Thursday, June 19, 2003

I have a photograph of Larry Doby and Satchel Paige on my wall at home, taken shortly after Paige had joined Doby on the Cleveland Indians in '48. In it, they both look anxious, hardly smiling for the camera. In fact, the irrepressible Paige looks more like the shy and sensitive Doby. They both look as though they're unsure they were really invited to this party. According to Willie Mays, "From what I hear, Jackie had Pee Wee Reese and Gil Hodges and Ralph Branca, but Larry didn't have anybody." [Thanks to Alex Belth for the quote.] The photo gives every indication that that's true. There are no white players to be seen. The American League was far slower to integrate than the National. It would be four more years until another American League team would add a non-white player, when Minnie Minoso was traded by the Indians to the White Sox (and Minoso was Cuban, so I'm not sure he counts). It was eight years before a black player, the great Elston Howard, was permitted to wear the pinstripes. And, of course, we all know that it would be 12 years before the Red Sox would decide to join the bandwagon, and with typical Red Sox brilliance, made sure it was the unforgettable Pumpsie Green who would be the face of integration in the fens. How hellish was it for Pumpsie? Compare his stats for his four years in Boston with his fifth -- and last -- with the awful '63 Mets, and you get an idea.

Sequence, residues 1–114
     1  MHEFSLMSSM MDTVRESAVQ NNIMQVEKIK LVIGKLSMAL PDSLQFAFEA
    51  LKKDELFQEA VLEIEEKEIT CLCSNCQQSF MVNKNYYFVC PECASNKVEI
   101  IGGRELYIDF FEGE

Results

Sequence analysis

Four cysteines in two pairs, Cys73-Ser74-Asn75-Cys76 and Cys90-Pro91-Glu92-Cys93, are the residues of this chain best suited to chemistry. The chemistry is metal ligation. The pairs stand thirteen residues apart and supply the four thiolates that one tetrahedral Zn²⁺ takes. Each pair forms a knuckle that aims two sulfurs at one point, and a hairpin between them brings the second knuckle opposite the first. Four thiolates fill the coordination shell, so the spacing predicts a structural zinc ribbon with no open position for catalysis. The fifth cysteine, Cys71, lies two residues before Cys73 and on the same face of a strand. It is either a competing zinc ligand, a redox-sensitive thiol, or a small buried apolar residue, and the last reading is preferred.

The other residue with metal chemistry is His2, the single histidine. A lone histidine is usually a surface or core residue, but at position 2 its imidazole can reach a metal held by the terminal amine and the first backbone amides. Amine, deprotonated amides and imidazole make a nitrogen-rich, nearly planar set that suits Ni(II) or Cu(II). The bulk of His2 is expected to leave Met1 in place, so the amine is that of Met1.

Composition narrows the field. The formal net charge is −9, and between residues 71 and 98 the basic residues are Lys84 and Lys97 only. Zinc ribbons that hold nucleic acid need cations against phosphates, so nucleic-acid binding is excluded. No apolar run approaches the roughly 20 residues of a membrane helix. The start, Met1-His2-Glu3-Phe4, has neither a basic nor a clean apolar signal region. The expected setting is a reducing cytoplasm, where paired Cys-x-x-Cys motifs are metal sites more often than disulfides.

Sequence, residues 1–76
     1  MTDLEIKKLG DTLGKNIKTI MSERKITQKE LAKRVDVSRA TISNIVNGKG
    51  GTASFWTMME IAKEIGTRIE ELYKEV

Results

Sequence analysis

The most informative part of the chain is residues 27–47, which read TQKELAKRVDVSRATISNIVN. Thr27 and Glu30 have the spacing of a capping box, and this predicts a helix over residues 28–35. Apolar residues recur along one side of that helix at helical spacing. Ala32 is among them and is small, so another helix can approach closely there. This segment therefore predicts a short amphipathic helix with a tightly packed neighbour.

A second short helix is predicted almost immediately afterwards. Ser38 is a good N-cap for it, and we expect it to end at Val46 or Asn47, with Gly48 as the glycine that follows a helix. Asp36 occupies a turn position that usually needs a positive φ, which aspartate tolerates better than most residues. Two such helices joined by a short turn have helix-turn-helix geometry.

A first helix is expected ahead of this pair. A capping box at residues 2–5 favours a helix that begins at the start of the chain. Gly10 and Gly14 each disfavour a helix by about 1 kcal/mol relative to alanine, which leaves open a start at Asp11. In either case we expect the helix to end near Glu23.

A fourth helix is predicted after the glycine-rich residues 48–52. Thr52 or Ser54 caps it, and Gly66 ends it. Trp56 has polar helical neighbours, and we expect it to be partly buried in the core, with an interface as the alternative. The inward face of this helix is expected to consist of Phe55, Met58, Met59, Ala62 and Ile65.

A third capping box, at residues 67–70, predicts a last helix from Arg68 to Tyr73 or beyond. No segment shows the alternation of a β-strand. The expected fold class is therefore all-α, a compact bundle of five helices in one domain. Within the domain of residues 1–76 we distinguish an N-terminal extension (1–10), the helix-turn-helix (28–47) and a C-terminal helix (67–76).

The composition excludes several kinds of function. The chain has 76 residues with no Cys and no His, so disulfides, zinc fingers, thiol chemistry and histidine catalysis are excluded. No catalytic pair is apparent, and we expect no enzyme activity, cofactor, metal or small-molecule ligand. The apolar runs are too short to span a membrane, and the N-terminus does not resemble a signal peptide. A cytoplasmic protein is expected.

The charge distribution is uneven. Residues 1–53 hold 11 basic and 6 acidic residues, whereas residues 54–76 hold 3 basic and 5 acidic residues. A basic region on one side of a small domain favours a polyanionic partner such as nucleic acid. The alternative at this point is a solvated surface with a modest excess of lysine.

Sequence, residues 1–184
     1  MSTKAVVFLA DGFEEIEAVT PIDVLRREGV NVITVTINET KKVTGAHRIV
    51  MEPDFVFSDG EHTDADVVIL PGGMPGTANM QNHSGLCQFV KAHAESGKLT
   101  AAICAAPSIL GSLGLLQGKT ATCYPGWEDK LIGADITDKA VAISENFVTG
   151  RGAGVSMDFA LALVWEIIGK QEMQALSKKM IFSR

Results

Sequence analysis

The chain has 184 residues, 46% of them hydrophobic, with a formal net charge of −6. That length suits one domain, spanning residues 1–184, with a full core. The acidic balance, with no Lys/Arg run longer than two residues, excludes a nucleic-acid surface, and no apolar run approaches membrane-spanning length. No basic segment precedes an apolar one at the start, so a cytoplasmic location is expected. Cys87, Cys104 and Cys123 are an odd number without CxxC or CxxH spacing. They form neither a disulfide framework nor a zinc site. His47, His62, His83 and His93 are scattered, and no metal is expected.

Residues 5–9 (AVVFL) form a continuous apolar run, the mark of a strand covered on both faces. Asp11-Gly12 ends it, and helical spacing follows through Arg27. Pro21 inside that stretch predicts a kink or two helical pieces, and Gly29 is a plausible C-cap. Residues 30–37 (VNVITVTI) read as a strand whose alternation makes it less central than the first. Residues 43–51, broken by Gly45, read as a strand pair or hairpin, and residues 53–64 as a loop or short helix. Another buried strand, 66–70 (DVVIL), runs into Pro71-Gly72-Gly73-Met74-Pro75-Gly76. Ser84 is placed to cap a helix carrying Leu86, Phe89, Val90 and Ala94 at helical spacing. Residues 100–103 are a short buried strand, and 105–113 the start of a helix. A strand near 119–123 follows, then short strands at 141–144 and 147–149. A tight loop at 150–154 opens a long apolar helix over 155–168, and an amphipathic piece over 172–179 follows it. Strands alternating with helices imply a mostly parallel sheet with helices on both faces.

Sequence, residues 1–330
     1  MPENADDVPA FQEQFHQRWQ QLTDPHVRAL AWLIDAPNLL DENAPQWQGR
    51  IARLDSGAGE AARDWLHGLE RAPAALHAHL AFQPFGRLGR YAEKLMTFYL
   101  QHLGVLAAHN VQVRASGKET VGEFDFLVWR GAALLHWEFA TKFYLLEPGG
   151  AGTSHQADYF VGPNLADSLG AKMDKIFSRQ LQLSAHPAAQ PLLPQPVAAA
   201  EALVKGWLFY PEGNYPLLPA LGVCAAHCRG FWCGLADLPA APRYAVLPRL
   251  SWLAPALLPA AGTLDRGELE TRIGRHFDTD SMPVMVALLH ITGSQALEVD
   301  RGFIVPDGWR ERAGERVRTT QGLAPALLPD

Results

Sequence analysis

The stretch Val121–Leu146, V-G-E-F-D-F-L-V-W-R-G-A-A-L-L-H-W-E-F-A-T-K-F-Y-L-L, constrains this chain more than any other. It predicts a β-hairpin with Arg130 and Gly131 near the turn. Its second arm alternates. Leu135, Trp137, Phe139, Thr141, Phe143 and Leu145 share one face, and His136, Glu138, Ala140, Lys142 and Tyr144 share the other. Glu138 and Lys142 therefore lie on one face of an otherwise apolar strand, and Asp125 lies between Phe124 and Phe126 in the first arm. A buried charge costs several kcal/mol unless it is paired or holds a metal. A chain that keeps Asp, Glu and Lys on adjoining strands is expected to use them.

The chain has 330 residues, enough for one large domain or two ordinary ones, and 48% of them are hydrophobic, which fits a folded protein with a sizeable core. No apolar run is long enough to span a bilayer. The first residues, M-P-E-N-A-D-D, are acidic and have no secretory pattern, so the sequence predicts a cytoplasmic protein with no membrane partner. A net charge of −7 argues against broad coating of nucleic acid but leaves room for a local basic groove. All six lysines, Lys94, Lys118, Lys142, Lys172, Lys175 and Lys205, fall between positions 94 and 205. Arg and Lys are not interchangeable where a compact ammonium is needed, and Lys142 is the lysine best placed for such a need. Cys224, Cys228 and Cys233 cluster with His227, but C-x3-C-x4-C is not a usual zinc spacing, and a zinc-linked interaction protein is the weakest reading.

Spending so much time on the Baseball-Reference site has been illuminating. Now I'm intrigued by the fact that someone -- I'm thinking a Branch Rickey or a Bill Veeck -- brought Satchel back to pitch a game for the '65 KC Athletics, so that he could be the oldest player (59) to play in a MLB game. Probably involved a rocking chair.

And how can Gil Hodges not be in the Hall of Fame?

But I digress. Larry was one of the greats and deserved more attention in his lifetime. His courage was equally as great as Robinson's. He was incredible in the '48 World Series win over Boston, and played in enormous pain in the '54 loss to the Giants. I wish I'd known he owned a liquor store in Montclaire, NJ. I might have bought a bottle from him and asked him if he'd tell me a few stories.


Well, back to reality. Or should I say, the unreality of the Bush administration. I think it's fitting that Christie Whitman should go back to her Jersey horse farm on such a note. You have to wonder how many drafts the report went through, and how many trees had to die for a report conclusion such as this gem: "The complexity of the Earth system and the interconnections among its components make it a scientific challenge to document change, diagnose its causes, and develop useful projections of how natural variability and human actions may affect the global environment in the future." So let's do nothing. Or rather, cut more taxes. Is this the "No Rich Child Left Behind" initiative we've heard so much about?


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